Because I tend to read in subjects, after I read Marco Polo I then read a bunch of other books about that time, and discovered trouveres, and pilgrims, and Venetian merchants, and every European nation’s whipping boy, the Jews, and the Knights Templar, and mapmakers, and aristocratic French lady pirates, and chuggis. There’s at least one of each in my novel.
You’ve all heard that old saw, the writer’s dictum, “Write what you know.” Okay, true so far as it goes. Two caveats, however.
First, I’ve written books set in near-earth orbit, the asteroid belt, and on Mars. I know it will come as a great shock to you all to learn that I haven’t been to any of these places. I didn’t have to not breathe the air of Mars to write convincingly about its surface in Red Planet Run because NASA very kindly got there before I started writing and sent back lots of great pictures and maps for me to look at.
The point is I did look at them. I had to do my due diligence in availing myself of all extant research, and so does every writer, no matter what her subject and no matter how extensive and exhaustive that research is. “What you know” is what you see for yourself and what you can look up in books and on credible online sources. Sloppy research is productive only of an unconvincing narrative, and you better believe readers notice that kind of thing.
Second. Research is a very seductive occupation. You can spend the rest of your life looking stuff up. I can open a dictionary to look up Gog and Magog, and half an hour later be reading the definition of narthex, with stops at provost, barkentine and tricostate on the way. Research is a siren song, and comes a time to stop up your ears with wax and trim your sails between the Scylla of cinquefoil and the Charybdis of Cinque Ports, and come safely home to harbor, where your keyboard awaits.
At this point, my personal reference library for my historical novel, collected from new and used bookstores, street sales, boot sales, flea markets, museum stores, and online sources over a period of sixteen years, now includes at a conservative estimate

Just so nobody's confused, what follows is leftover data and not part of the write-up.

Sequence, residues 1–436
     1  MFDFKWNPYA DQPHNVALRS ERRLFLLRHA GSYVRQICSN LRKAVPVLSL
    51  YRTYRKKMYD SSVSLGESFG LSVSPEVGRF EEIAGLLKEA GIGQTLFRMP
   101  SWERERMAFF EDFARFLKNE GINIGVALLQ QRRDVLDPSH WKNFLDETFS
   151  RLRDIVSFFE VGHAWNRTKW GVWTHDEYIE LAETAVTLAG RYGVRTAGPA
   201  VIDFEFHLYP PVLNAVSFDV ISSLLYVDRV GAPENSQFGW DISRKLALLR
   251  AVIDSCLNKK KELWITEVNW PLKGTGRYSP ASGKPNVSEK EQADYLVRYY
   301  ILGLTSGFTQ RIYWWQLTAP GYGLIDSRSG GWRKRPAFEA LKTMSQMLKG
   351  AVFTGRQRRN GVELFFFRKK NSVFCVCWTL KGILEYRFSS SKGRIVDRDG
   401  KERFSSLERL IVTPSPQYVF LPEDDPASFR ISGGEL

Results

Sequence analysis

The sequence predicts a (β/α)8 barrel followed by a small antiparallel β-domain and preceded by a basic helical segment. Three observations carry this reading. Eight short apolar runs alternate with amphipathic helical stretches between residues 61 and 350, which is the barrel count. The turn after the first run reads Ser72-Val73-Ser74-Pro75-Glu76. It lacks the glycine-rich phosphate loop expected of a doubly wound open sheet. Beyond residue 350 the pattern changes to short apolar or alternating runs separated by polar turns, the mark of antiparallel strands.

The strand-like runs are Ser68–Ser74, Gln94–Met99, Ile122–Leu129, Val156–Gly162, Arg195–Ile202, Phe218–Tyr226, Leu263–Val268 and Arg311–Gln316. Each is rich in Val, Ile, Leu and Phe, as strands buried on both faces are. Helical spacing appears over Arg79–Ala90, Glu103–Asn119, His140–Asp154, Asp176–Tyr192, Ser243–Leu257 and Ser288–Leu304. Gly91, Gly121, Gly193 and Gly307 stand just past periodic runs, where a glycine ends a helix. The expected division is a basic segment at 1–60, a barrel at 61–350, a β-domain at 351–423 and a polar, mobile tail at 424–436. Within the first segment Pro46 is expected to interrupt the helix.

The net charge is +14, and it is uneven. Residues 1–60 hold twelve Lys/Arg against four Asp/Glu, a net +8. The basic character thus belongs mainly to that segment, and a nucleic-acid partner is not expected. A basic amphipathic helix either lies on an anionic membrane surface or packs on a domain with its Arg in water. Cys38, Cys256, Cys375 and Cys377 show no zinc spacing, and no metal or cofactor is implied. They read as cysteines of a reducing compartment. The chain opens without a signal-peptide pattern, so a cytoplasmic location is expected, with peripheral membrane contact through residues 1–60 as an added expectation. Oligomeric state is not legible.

*116 books, like for example, Sharan Newman’s The Real History Behind the Templars, anything ever written by Frances and Joseph Gies, not one, as I recently discovered, but two copies of Madeleine Pelner Cosman’s The Medieval Wordbook (oops) and a 1937 edition of The Adventures of Hajji Baba of Ispahan by James Morier, found in an estate sale in Ireland, which includes fabulous color illustrations of zaftig harem girls with captions like “Your eyes have made roast meat of my heart.”
Also in my reference library are
*Professor Bonnie Wheeler’s Great Courses audio recording of ‘Medieval Heroines in History and Legend’ on CD
*a dozen travel documentaries on DVD, from the Silk Road to a tour of Jerusalem to a history of Venice
*countless historical novels
*some children’s coloring books (‘Je colorie les Chateaux Forts’ being my favorite)
*a bunch of recommendations for reference works from Sharon Kay Penman
*and my very own personal on demand reference librarian.
It is indeed now time to stop researching and start writing Silk and Song. I’ve read, I’ve studied, I’ve traveled to as many places as I have had time for and as I could afford.
I’ve done my due diligence. Time to write.
Author and founder of Storyknife.org.